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Being a 'night owl' might make your brain sharper

July 11, 2024

"Night owls" performed better than "morning larks" in cognitive tests, a study found. But that doesn't mean we all have to work through the night.

A person working in an office
A new study suggests that people who are more active in the evening tend to perform better on cognitive testsImage: Christopher Furlong/Getty Images

Are you a "night owl" or a "morning lark"? Do you get up early to seize the day or stay up working late into the night? Whether you think it's a preference, a habit or just the way you are, it's your "chronotype".

And a study suggests your chronotype can impact your general cognitive skills. The study found that night owls generally had higher cognitive scores than morning larks.

The UK-based study, published July 11, 2024, in the journal BMJ Public Health, looked at data from more than 26,000 people who had completed a number of cognitive tests.

The aim was to find out how different aspects of sleep, including duration, patterns, and quality, affected mental sharpness and overall cognitive ability.

What the 'night owl' study found

They found that sleeping between 7-9 hours a night was optimum for brain function. But they also found that a person's chronotype affected their test scores.

"Adults who [were] naturally more active in the evening tended to perform better on cognitive tests than those who [were] 'morning people,'" said lead author Raha West, Imperial College London, UK, in a press statement. "Rather than just being personal preferences, these chronotypes could impact our cognitive function."

But that didn't mean all morning people have worse cognitive performance. "The findings reflect an overall trend where the majority might lean towards better cognition in the evening types," said West.

What's more, your chronotype is not set in stone — you can adapt, either way. And simply getting a good night's sleep can improve your cognitive performance, too. 

The science of sleep chronotypes

Chronotypes are not permanent — they can shift over our lifetimes.

"Children tend to be morning types, adolescents and young adults shift towards being evening types, and older adults often revert to being morning types," said Feifei Wang, a sleep expert at Eötvös Loránd University in Budapest, Hungary.

But Wang said there was clear evidence that our preferences for sleep and activity times were persistent, even when we shift time zones.

"A combination of genetic, hormonal, environmental, and lifestyle factors determines whether a person is more active in the morning or evening, and these factors interact to shape an individual's chronotype," said Wang, who was not part of the new study.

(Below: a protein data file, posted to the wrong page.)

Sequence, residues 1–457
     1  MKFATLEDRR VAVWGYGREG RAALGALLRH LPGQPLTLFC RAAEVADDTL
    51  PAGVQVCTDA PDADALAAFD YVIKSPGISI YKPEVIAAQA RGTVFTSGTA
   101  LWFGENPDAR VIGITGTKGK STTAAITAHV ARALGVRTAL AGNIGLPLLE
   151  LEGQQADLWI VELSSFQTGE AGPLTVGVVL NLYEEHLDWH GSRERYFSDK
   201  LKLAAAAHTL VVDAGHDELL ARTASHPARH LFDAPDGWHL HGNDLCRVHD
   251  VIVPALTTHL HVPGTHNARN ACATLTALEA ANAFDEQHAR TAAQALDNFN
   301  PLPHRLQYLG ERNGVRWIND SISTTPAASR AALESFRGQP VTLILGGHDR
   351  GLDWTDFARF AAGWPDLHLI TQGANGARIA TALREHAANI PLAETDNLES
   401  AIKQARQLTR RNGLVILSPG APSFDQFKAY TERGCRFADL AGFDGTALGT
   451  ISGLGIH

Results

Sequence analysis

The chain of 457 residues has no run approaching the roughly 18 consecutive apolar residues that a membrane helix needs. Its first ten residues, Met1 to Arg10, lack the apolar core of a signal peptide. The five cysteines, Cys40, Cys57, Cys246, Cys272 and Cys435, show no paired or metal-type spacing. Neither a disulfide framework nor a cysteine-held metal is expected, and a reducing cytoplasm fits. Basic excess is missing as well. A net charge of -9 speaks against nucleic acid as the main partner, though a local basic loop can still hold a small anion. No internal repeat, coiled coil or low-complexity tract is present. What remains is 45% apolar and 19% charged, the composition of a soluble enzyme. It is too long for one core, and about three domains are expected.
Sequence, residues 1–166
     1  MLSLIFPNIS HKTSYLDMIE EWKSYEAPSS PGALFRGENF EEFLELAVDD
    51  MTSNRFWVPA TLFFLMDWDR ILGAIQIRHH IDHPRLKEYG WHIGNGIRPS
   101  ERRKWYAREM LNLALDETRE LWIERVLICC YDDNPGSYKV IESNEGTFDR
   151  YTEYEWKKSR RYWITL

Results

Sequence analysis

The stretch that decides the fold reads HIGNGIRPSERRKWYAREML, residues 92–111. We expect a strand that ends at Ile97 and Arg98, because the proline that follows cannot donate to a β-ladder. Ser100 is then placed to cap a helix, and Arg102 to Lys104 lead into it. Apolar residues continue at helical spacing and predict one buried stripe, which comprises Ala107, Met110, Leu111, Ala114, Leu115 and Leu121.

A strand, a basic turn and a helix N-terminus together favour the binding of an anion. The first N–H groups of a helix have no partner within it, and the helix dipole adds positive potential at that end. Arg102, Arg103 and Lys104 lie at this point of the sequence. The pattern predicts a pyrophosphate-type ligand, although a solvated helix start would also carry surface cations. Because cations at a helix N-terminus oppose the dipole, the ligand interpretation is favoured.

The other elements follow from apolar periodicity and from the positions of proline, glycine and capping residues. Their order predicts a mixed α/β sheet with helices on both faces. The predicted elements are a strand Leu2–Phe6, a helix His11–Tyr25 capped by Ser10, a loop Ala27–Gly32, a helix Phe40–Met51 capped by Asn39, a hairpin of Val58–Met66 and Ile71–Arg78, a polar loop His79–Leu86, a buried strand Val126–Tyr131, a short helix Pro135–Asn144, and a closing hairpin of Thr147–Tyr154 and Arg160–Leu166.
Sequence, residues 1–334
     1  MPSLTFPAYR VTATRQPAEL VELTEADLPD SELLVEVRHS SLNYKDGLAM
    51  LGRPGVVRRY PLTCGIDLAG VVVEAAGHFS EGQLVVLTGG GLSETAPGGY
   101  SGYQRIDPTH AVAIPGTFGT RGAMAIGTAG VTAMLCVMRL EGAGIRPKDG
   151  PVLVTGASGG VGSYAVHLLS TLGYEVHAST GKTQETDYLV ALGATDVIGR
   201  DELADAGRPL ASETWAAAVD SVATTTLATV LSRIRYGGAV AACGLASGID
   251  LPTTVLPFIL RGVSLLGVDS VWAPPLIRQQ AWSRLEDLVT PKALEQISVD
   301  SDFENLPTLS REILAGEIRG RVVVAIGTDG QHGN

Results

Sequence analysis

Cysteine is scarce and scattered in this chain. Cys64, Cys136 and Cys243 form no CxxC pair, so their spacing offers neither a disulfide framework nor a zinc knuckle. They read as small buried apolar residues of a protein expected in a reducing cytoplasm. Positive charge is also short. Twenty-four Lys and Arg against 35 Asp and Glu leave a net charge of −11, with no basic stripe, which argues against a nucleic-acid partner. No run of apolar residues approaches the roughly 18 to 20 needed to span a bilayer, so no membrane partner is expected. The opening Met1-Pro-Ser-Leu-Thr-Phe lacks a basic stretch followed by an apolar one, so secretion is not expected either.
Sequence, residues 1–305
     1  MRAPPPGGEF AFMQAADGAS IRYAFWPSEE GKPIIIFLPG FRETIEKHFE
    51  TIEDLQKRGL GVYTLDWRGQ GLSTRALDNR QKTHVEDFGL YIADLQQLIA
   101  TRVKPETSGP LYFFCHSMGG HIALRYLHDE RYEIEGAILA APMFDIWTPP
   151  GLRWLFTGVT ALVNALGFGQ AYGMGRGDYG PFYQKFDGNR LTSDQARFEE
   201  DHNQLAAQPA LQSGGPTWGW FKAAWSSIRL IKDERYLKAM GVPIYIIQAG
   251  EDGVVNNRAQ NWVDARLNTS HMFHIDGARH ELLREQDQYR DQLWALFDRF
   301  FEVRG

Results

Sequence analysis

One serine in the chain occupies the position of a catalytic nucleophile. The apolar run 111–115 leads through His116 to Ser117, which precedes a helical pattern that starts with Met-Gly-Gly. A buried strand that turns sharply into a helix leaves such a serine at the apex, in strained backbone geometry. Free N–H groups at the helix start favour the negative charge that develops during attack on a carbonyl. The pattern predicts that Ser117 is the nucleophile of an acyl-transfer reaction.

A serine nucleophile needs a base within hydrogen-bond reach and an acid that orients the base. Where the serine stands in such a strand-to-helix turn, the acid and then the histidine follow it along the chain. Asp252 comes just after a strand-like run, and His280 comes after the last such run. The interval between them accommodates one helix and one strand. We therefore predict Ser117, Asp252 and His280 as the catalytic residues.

Chronotypes are partly related to differences in our circadian rhythms — the body's biological clock, which runs essential functions, such as sleep and metabolism.

Genes involved in a person's circadian rhythm, include genes called "CLOCK", "PER", "CRY". They have a strong impact on chronotype. They "influence whether a person is a morning or evening type," Wang told DW.

But you can train yourself to be a morning or evening type. 

"We've shown undergraduate students can advance their chronotype by almost two hours over two years," said Ignacio Estevan, a sleep expert at Universidad de la República in Montevideo, Uruguay. Estevan was also not involved in the new study.

A woman on her phone in bed
Studies show the best way to perform well is by getting good quality sleep. Late-night screen time can decrease sleep quality.Image: IMAGO/xDimaberlinx

'All-nighters' reduce academic test performance

Estevan has researched the association between chronotypes and school grades. He has found that test performance in night owls and morning larks depended on when during the day you tested them for your study.

"We found that late chronotypes had worse academic performance compared to early chronotypes in the morning shift, and not in the afternoon shift," Estevan told DW, adding that his research contributed to a body of evidence showing that school start-times have an impact on children's academic performance.

Some experts argue that better alignment between school timing and students' biological rhythms would enhance their opportunities later in life.

Ultimately, said Estevan, test and cognitive performance depended on good quality sleep.  Studies tend to show that people who sleep longer perform better in tests.

Estevan said that can be explained by the importance of sleep for learning and good cognitive functioning. His research has found that doing an 'all-nighter' to revise last-minute has a bad effect on test scores.

"Around 15% of the students [in our study] did not sleep before the test, and they had the worst performance," said Estevan.

So, what's the best way to get a good night's sleep? Wang recommended keeping "a regular sleep schedule, have a dark and quiet environment to sleep in, try to relax, do not consume caffeine or stimulants after nightfall, and reduce exposure to light at night, particularly before going to sleep."

Edited by: Zulfikar Abbany

Primary source:

Sleep duration, chronotype, health and lifestyle factors affect cognition: A UK Biobank cross-sectional study; published by Raha West, Daqing Ma et al. in BMJ Public Health (July 2024) https://doi.org/10.1136/bmjph-2024-001000

DW journalist Fred Schwaller wears a white T-shirt and jeans.
Fred Schwaller Science writer fascinated by the brain and the mind, and how science influences society@schwallerfred